When the i8 concept was showcased in the Frankfurt Motor Show in 2011, the world was introduced to a concept which was never heard of before. After having extensive use in scientific research, weapons and even everyday objects like CD and DVD players, BMW claimed that they have harnessed Laser (acronym for ‘Light Amplification by Stimulated Emission of Radiation’) technology for illuminating the road, by using it in their headlights.
But isn’t laser dangerous to look at? Havn’t we been constantly told about how we should not point laser beams straight into the eye?
Sure it is. And obviously BMW has found a rather hi-tech way around it.
BMW’s new headlight technology is powered by lasers, but the important thing to note is that when you look into them, you’re not looking at an actual laser.
Within each light, there are three blue lasers positioned at the rear of the assembly that fire onto a set of mirrors closer to the front. Those mirrors focus the laser energy into a lens filled with yellow phosphorus. The yellow phosphorus, when excited by the blue laser, emits an intense white light. That white light shines backward, onto a reflector. The reflector then bounces the more diffused white light forward, shining it out of the front of the headlight casing as a beam that is powerful, yet can be seen with a naked eye.
BMW also claims that the laser headlight is completely ready for use on the street and highway, and causes no discomfort/ blindness to the human or animal eye.
They even conducted an experiment, where BMW engineers and journalists were made to look straight into the laser headlamp, and the results were pretty reassuring: Eye activity recorded was completely normal. Infact, BMW claim that laser headlights are more comforting to the eyes as compared to LED or halogen equivalents.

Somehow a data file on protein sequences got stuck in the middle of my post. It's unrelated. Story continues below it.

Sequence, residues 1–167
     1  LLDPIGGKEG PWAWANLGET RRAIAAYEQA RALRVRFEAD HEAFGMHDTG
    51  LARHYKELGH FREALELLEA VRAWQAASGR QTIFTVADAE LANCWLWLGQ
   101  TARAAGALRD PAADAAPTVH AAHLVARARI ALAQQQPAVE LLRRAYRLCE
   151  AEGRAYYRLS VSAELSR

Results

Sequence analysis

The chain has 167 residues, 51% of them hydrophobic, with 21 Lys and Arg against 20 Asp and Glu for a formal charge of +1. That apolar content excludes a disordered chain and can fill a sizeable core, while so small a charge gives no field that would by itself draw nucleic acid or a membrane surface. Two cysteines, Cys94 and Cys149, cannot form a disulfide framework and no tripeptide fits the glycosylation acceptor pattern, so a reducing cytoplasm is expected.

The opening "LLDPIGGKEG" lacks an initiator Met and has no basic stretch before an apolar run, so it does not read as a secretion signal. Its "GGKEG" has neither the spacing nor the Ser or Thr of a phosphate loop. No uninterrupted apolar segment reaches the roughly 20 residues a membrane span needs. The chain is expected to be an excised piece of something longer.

And while we are on the point of LED’s, which have now taken the world over with their energy efficiency, BMW claims that their laser powered headlights are 1000 times brighter (and given the ‘coherent’ nature of laser, the beam produced will be near parallel and hence more useful) than LED’s yet consume only half the amount of energy required by an equivalent LED setup.
BMW and many other manufacturers are betting high on Hybrid or electric technology to power their cars. Using lasers could majorly reduce the power consumption, and hence increase range of these vehicles. Has BMW just solved one of the biggest issues with such cars?
Safety is one of the prime issues that a car manufacturer faces, and BMW obviously has taken due care. ANY damage to the laser headlight will immediately cut all power going to the unit, hence making it as safe (in case of a mishap) as any other headlamp available today.
Also, laser headlight setups take up far lesser space ( A laser diode takes up 1 micron of space, which is 1/100th the 1mm space taken by a square LED cell) as compared to conventional units. Designers are now free to make full use of aerodynamics, to not only make their cars faster, more efficient and also very safe for pedestrians and animals.
BMW says that Laserlight is compatible with all existing BMW light technologies such as Adaptive Headlights, Dynamic Lighting Spot and the Anti-Dazzle High-Beam Assist. They are also innovating new technologies that they can integrate into the headlamp without increasing any consumption of power.
Given the nature of the automobile industry, its only a short time until everyone tries to catch up with the forerunner, and we start hearing news from other automobile manufacturers with their own application of Laser technology.
Be assured, we’ll keep you posted.